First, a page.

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Iran Says U.S. Will 'Not Expect' What Happens If Trump Leaves Nuclear Deal

Tom O’Connor

Iran said Saturday it is prepared for a potential U.S. exit from a landmark nuclear agreement, but warned there would be consequences that President Donald Trump and his administration may not have anticipated.

Iranian President Hassan Rouhani railed against Trump's potential decision to withdraw the U.S. from the 2015 deal, which could happen as early as next month as the White House demands a renegotiation of its terms. Rouhani championed the unprecedented agreement with Trump's predecessor, former President Barack Obama, agreeing to cut nuclear development in exchange for sanctions relief, but Trump has said the arrangement did not go far enough to address Iran's missile activity and support for militant and political movements abroad.

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In a speech broadcast via state-run news, Rouhani said that the Atomic Energy Organization of Iran had for months arranged contingency plans in response to the decisions of U.S. officials, including "actions that they might expect and actions they might not expect," as the semi-official Mehr News Agency reported.


Iranian President Hassan Rouhani attends the National Army Day parade in Tehran, Iran, April 18, 2018. The deal he nuclear deal he forged with former President Barack Obama was praised internationally, but also faced criticism from conservatives in both countries. Tasnim News Agency/Reuters

Iranian Foreign Minister Mohammad Javad Zarif, who was deeply involved in negotiating the deal with the Obama administration and other signatories, revealed Iran may restart nuclear production during an interview set to air Sunday. The diplomat told CBS News' Face the Nation that "We have put a number of options for ourselves, and those options are ready, including options that would involve resuming at a much greater speed our nuclear activities."

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"Those options are ready to be implemented and we will make the necessary decision when we see fit," he said, later adding that "Obviously the rest of the world cannot ask us to unilaterally and one-sidedly implement a deal that has already been broken."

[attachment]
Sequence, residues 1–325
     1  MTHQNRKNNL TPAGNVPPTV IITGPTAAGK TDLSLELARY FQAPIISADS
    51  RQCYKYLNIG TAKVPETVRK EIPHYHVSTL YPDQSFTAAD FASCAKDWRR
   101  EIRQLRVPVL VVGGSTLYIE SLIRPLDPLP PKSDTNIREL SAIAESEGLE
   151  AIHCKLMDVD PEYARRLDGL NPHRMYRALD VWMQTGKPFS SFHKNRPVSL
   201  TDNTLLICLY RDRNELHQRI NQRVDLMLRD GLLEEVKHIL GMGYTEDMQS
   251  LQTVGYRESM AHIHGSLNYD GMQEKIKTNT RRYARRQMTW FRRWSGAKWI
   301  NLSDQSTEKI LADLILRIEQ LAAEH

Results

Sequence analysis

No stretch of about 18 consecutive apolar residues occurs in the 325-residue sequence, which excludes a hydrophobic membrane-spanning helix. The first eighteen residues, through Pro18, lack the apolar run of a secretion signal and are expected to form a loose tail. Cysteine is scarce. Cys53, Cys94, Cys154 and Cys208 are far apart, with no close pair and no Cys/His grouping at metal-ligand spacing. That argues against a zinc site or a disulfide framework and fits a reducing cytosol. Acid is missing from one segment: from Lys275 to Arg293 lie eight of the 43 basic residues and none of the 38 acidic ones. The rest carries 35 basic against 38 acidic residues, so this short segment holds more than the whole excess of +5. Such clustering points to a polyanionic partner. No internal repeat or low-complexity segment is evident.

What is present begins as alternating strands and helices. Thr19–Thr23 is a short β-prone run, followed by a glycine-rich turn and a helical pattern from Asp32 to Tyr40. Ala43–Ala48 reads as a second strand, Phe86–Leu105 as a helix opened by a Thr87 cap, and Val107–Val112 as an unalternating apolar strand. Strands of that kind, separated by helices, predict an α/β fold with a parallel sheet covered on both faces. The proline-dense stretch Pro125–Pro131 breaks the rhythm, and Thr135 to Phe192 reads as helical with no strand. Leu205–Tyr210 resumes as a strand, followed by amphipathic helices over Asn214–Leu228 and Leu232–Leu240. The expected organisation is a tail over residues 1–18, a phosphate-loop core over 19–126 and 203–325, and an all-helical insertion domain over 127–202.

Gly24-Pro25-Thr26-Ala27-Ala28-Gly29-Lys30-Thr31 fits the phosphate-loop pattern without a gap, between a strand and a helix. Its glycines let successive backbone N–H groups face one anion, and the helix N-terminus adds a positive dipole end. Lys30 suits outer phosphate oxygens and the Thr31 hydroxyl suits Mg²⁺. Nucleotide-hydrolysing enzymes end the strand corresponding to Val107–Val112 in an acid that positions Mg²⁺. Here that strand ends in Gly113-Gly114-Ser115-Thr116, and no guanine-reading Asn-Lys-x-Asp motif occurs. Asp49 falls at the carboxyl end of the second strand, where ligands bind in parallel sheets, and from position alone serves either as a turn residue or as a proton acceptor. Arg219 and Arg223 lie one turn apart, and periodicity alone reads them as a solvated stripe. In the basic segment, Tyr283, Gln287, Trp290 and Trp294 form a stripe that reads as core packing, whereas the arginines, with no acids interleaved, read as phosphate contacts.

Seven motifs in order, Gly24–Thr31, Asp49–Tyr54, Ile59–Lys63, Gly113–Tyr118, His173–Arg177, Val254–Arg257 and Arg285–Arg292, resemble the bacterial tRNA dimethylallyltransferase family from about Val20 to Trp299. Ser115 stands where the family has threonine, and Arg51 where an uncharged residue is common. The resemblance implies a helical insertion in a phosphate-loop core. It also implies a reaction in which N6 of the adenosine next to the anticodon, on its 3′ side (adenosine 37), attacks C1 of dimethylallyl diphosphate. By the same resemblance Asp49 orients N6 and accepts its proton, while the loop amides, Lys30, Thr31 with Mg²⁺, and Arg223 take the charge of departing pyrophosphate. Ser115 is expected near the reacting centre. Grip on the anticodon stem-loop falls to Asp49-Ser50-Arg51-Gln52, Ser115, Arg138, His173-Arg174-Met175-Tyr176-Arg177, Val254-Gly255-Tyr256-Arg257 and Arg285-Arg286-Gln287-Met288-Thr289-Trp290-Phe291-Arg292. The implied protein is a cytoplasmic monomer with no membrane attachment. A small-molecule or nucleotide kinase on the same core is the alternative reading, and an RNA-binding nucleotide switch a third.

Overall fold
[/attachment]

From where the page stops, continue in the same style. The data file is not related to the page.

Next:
Iran has always maintained that its nuclear program was only for energy purposes, not for the production of nuclear weapons as leading foes the U.S, Israel and Saudi Arabia have alleged. As Trump came to office early last year, however, Washington and Tehran have increasingly clashed over the nuclear deal as well as a greater contest for influence across the Middle East.


A map published July 15, 2015, shows Iran's nuclear facilities and enrichment capacity, including diagram that explain how uranium enrichment works. International Atomic Energy Agency/Nuclear Security Science and Policy Institute/Institute for Energy and Environmental Research/Globalsecurity.org/Reuters

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The U.S. and Iran are both involved in the battle against the Islamic State militant group (ISIS), but differ over their post-war visions of Iraq and Syria, where tensions between international actors have worsened with the demise of the jihadis. Syrian President Bashar al-Assad's victories against rebels and jihadis have allowed his Iranian allies to establish a military presence in the country, a development that concerns neighboring Israel.

After Israeli jets killed several Iranians in an airstrike on an airbase in central Homs province last week, the second-in-command of Iran's elite Revolutionary Guards warned Friday that "our fingers are on the trigger and the missile are ready to launch." Brigadier General Hossein Salami said such escalations could lead to an all-out war and also joined fellow Assad ally Russia in condemning a tripartite U.S., U.K and French cruise missile strike against Syrian facilities suspected of being involved in developing chemical weapons.

This article was first written by Newsweek

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